Disillusioned? Vote anyway.
It was only after 11 years of being in the U.S. that I was able to vote, after finally getting my citizenship—a privilege, a right that comes with an impactful choice.
Even though I majored in Political Science in college—feeling like it was the closest thing that could help me understand why my family had to migrate to another country, what I could do to change feeling like an abomination as a queer and brown immigrant—there was a part of me that felt disempowered because I couldn’t vote.
And even though I was active in the community with grassroots organizations, there was a part of me that felt insufficient because I couldn’t go to the polls. I knew it was a privilege to have a green card, an even greater privilege to have the means and ability to become a citizen so when the time came that I was finally able to cough up the $700 in fees, I went for it.
I know voting is not necessarily the most revolutionary thing anyone can do, but when I first entered my precinct and filled out a ballot for the very first time in 2016, I walked out with a little pep in my step.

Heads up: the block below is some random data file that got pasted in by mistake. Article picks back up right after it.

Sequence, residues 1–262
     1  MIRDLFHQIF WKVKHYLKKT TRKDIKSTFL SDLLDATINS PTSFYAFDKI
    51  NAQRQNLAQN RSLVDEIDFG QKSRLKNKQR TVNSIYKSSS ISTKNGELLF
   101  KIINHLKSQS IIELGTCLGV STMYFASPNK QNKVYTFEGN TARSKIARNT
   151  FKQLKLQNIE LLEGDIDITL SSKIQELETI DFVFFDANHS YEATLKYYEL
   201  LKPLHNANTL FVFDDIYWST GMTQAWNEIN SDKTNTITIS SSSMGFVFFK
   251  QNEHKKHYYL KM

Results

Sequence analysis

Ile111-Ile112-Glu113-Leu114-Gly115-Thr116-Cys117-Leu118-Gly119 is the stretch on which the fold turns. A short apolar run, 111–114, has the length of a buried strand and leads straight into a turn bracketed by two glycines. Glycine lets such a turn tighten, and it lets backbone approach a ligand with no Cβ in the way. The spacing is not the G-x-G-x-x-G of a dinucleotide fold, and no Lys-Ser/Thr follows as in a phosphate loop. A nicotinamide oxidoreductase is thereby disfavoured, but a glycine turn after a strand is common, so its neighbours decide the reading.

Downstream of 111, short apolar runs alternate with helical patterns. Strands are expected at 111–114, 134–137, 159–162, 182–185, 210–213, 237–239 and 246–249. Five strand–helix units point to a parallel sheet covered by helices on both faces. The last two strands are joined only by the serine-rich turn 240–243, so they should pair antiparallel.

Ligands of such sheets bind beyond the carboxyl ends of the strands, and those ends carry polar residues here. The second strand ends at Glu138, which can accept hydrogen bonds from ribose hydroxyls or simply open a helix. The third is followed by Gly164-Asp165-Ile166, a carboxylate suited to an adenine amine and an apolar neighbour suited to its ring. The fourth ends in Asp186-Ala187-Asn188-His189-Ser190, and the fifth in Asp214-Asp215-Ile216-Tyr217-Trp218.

Until the results came in.
The past two years have been a whirlwind of political, social and quite frankly, of emotional extremes. From disbelief to anger, the ridiculousness of our political reality is too much most days to fathom. You could easily find me under a rock (or forever being distracted by other things), disillusioned. But I know nothing will really happen if I stay under that rock, foregoing a privilege that I’ve been lucky enough to acquire.
In a New York Times piece, writer Roxane Gay writes:
I am 100% with Gay on this.
It’s not too late. Check your registration status. If you didn’t register, check to see if your state allows same-day registration and election. If you’re in California and missed the registration deadline, here’s everything you need to know to cast a ballot on November 6. A few more things: non-citizens can vote on the Board of Education, and former felons can also vote as long as they’re off parole.
Voter guides I trust:
So go ahead. Check everything you need to check. Make a plan for tomorrow—it’s not too late.
And even if you’re disillusioned just like me, vote anyway.